Friday, August 26, 2011

Double threats of earthquakes and hurricane mean it’s time to get ready

If you live on the East Coast this week, then you’ve become acquainted firsthand with Mother Nature’s bad side. With an earthquake on Tuesday and a hurricane threatening East Coast states in recent days, millions of Americans are taking a closer look at their emergency plans and wondering what they need to do. Here’s a quick rundown.
First off: Hurricane Irene. The National Weather Service issued hurricane warnings and watches yesterday for East Coast states stretching from North Carolina to New Jersey. Some areas have started to evacuate.

If you are threatened by a hurricane:
• Evacuate. Don’t put your life or your family in danger. Fill your car with gas at the first report of a possible storm or hurricane. Look up evacuation routes and shelter locations beforehand and be ready to go.
• If you don’t already, have an emergency supply kit ready with flashlights, medications, batteries, a radio, hand sanitizer, toiletries, cell phone charger, among other needs. (PDF)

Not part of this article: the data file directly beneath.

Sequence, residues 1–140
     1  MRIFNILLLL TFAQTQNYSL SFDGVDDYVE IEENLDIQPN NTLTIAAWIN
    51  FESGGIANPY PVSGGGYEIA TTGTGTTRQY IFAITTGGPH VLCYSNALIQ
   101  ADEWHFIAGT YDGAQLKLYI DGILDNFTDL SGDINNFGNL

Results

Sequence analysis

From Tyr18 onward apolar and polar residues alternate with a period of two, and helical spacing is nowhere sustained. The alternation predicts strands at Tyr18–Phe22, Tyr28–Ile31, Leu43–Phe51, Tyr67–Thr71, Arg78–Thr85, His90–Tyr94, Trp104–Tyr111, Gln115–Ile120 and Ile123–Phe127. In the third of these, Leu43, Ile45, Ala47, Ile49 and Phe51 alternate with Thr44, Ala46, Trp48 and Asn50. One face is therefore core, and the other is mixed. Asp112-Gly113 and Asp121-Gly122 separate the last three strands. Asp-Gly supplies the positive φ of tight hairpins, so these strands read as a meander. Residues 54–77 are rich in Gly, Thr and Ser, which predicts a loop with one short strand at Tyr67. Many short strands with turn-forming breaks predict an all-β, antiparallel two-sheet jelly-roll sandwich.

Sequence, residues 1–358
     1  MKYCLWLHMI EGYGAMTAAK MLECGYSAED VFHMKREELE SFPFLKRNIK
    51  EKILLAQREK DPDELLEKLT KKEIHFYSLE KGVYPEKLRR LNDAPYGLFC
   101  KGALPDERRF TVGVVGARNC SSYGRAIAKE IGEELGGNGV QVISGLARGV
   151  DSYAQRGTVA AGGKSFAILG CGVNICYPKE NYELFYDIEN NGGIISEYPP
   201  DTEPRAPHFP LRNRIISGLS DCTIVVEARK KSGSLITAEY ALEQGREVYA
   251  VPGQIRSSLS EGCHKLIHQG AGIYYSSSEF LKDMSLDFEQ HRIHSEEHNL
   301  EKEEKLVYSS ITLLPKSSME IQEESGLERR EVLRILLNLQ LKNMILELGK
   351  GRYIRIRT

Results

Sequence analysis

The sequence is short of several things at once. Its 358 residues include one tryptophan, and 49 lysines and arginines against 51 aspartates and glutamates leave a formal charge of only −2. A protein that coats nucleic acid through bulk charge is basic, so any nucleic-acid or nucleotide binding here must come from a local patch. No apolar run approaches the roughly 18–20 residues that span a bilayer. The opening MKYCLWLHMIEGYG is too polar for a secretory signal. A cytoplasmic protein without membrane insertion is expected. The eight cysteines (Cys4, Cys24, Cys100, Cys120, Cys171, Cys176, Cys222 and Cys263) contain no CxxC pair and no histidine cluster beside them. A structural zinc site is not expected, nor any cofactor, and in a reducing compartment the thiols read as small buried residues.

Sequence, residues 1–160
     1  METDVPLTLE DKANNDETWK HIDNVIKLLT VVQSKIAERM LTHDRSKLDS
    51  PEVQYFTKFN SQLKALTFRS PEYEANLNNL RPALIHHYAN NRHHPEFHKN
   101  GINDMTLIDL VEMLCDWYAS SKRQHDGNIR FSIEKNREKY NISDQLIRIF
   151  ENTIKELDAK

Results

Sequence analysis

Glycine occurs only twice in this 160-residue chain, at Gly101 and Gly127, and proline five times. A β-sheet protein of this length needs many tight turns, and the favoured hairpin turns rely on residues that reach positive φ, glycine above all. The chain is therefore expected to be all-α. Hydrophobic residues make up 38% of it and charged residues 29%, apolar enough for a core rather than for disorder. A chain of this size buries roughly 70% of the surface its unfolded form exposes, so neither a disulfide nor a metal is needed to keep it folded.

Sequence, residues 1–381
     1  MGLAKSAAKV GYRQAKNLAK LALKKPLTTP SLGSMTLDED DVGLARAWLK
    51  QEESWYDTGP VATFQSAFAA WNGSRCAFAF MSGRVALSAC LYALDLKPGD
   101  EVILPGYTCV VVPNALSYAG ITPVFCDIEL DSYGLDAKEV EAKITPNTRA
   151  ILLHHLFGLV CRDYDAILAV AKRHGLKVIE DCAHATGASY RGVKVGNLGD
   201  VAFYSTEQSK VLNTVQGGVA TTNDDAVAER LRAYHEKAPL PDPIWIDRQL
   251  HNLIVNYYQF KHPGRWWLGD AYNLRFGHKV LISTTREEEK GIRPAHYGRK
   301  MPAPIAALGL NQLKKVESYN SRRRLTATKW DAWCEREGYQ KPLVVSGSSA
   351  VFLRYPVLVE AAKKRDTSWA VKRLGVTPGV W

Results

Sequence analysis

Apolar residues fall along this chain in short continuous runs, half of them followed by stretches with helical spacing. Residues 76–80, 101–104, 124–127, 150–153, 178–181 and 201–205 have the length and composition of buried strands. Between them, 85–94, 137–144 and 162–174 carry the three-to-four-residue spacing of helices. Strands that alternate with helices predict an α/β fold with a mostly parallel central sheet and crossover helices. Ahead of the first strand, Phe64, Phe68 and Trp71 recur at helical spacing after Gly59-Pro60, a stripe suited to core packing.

• Don’t forget food and supplies for your pets. (PDF)
• If you have time, cover your home’s windows and doors with boards or heavy tape.
• Reach out to elderly neighbors to see if they are okay and have a way to evacuate.
• Watch out for flooding. Bring a map in case you have to take an alternate evacuation route.

While the attention now is on Hurricane Irene, earthquakes were the topic of conversation earlier this week, following the 5.8-magnitude earthquake in Virginia on Aug. 23. But it’s not just the East Coast that’s been rumbling. California, Colorado and Peru have had their share of earthquakes as well this week.

For those of you who aren’t used to all this ground shaking, here are a few quick tips:
• If you are near windows, glass or anything that might fall, move away when the shaking starts. If you are in bed when an earthquake occurs, stay there. If you are outside, move away from buildings and streetlights.
• That old advice to take shelter in a doorway is out of date. Emergency officials now advise that you should “duck, cover and hold” during an earthquake. Find something sturdy to hide under, crawl underneath and stay put until the earthquake is over.
• After an earthquake, check for gas leaks and shut off the main valve if you find one.
• Be ready for aftershocks, which often occur in the days after a quake.

For more information, download one of these preparedness fact sheets from APHA’s Get Ready campaign. And remember, you don’t have to wait for an emergency to get ready.